This was my base for the play farmer's market. I used two.

Making the first shelf. 

I knew I wanted something simple and very basic, and I was so pleased with it. It is far from perfect since I used only the most basic tools to build it, and I had a run of very bad luck with my tools (nothing to do with the user as she is an expert level craftsperson, ahem)- I broke a circular saw blade (which is why I'm using my jigsaw- try cutting a straight line with that... just try it), two drill bits and my counter sink, but I improvised and made it work! Once I get started on a project I all but refuse to stop and go buy things- if I run out or something breaks I have some inner drill sergeant barking at me to 'Get it done soldier!' and 'ImproviseAdapt and Overcome!'. 

I've been shopping for and hoarding yard sale and thrift store baskets for months knowing I wanted to move to a basket toy storage that was more organic and waldorfy and less perfect and coordinated. I think if I didn't put a thing in the baskets it would still be a great little space. It's just so calming for me to look at this! I know that's weird but that's me.

My second shelf. I decided not to build two alike. I contemplated doing a full 8 foot lower shelf that would span most of the entry wall, but then I decided against it and went with the taller version. I wanted a space that the little ones couldn't reach easily but the big kids could so I could put special 'big kid' items on top.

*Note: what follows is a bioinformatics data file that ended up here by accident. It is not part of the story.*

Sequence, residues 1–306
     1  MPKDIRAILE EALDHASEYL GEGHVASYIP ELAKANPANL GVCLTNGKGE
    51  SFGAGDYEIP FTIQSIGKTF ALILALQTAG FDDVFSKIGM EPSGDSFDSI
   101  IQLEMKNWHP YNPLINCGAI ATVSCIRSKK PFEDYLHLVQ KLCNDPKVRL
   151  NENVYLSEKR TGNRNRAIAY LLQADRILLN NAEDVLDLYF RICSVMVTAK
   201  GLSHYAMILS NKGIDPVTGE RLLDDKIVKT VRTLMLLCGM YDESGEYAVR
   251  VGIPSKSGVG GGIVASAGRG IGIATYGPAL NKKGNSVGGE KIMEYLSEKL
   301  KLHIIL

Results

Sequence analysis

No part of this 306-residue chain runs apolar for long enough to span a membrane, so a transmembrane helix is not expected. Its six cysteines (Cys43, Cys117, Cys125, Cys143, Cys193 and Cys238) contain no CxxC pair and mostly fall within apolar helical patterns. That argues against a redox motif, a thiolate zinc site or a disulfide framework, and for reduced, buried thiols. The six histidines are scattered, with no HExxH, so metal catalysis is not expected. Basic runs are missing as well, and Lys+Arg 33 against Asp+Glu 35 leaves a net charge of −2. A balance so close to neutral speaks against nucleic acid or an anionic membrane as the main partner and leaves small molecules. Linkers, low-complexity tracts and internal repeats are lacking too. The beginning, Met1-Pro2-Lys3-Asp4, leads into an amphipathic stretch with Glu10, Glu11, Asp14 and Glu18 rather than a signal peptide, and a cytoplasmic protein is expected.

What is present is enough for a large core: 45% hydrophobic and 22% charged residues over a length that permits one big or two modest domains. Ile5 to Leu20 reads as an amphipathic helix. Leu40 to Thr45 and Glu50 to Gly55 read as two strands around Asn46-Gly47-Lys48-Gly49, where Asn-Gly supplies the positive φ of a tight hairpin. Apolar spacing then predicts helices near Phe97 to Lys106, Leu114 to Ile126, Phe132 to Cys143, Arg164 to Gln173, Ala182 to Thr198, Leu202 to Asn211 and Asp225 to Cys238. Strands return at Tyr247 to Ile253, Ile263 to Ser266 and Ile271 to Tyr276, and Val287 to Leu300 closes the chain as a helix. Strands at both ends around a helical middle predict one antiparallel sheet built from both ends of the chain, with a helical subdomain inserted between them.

Making the market was a pain. It took a lot of work arounds to get it to be close to my 'vision' of it and I'm not sure I'm satisfied. The 'roof' was the hardest and if I ever feel up to it I may tear it back down and start over. It is cute though and the kids love it. There is a more finished picture below.  

I took an old wooden plate divider, a thrift store find, sanded the varnish off back to bare wood, cut the first row of stands down a little and used it for a finger puppet storage & display. I think it's adorable! I couldn't fit three of the finger puppet people and two of the larger finger puppets on their (the snake and snail) but I'm happy anyway. These always got lost and forgotten in the big bin of puppets and I'm glad they have their own place now. 

The play farmer's market coming together. I have many plans for this space and this is just my first phase so the kids can use it now, rather than waiting for me to finish it. 

I will be hanging some cloth or net shopping bags for the kids, maybe some other 'wears' will be hung up like a real market, and I plan to drill holes into the potted flowers and hang then from the overhang I built just for that purpose. The back boards will come in handy for hanging things  at the kids reach.